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Pharmacy Practice NewsExposure to Anti-Seizure Medications Does Not Appear to Harm Neurologic Development in Young Children

New Study Reassures Mothers and Guides Neurologists on Prescribing Practices

A recent study published in Lancet Neurology offers comforting news to women with epilepsy who are considering pregnancy. The research indicates that commonly prescribed anti-seizure medications like lamotrigine and levetiracetam do not negatively impact the neurodevelopment of children exposed to these drugs in utero.

HCN Medical Memo
This study provides a valuable evidence base for advising women with epilepsy who are considering pregnancy. The research alleviates concerns about the neurodevelopmental risks associated with commonly used anti-seizure medications, allowing for more informed and nuanced prescribing practices. However, it also underscores the need for careful monitoring of medication dosages, particularly in the third trimester, and for addressing maternal mental health as a part of comprehensive prenatal care.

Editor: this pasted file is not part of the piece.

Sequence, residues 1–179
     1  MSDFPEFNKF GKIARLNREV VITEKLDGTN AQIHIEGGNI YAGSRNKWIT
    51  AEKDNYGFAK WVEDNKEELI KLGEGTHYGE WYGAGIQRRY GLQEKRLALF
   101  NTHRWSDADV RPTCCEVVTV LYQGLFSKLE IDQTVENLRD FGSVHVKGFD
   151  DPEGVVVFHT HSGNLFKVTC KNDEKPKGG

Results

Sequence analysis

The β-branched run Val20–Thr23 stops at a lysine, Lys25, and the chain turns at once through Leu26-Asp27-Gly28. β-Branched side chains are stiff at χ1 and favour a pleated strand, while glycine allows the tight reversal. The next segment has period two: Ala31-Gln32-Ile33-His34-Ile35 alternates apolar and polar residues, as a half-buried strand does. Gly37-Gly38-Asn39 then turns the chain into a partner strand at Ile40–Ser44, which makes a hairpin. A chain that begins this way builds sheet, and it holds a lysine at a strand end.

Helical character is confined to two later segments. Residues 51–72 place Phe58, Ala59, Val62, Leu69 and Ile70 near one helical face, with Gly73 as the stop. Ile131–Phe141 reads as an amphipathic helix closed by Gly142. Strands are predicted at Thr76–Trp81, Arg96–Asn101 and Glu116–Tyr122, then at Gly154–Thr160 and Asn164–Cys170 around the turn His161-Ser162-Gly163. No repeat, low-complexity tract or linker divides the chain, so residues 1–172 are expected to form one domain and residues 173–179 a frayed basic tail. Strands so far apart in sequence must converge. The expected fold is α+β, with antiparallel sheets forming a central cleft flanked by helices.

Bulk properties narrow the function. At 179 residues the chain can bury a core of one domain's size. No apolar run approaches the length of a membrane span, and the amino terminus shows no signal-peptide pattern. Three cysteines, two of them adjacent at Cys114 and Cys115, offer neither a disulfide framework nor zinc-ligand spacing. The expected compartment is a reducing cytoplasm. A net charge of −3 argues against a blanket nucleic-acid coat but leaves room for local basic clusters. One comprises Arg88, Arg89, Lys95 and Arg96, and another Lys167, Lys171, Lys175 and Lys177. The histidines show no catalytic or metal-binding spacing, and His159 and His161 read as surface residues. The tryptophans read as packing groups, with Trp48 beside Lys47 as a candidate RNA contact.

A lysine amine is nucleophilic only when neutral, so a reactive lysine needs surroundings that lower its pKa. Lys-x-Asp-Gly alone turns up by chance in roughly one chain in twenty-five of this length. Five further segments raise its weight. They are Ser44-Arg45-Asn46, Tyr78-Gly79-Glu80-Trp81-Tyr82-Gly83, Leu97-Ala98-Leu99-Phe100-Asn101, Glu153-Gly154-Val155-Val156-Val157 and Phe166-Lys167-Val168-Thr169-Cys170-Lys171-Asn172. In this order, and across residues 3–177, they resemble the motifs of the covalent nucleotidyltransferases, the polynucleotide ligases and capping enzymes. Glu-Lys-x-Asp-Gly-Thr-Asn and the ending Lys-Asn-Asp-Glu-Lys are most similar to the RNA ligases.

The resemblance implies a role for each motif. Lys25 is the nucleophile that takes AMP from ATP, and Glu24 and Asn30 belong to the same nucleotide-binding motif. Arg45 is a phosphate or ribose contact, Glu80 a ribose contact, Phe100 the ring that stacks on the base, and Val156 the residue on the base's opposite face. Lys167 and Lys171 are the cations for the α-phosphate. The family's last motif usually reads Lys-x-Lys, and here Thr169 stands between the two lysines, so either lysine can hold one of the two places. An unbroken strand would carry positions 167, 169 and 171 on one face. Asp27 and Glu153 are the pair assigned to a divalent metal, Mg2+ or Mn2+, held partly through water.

Key Points
  • The study, known as the MONEAD (Maternal Outcomes and Neurodevelopmental Effects of Antiepileptic Drugs), has been ongoing for two decades and focuses on the impact of anti-seizure medications on both mothers and their children.
  • Children exposed to lamotrigine and levetiracetam in utero showed no significant differences in vocabulary, verbal comprehension, or cognitive abilities compared to children of women without epilepsy.
  • Senior author Page Pennell, MD, emphasized that the findings have “a huge impact for women with epilepsy who are considering pregnancy.”
  • Epilepsy affects more than 1 million American women of childbearing age, making these findings particularly relevant.

“Being able to say that no, taking these medications will not put their future child at a greater risk of autism or learning disabilities, has a huge impact for women with epilepsy who are considering pregnancy.”
– Page Pennell, MD, Senior Author and Professor and the Chair of Neurology at the University of Pittsburgh

Additional Points
  • High dosages of levetiracetam in the third trimester were correlated with some adverse neurodevelopmental effects, warranting careful monitoring.
  • The study also highlighted the importance of screening for maternal mood and anxiety disorders, as they can negatively affect newborns.
  • Further research is needed to assess the long-term effects of less commonly used anti-seizure medications.

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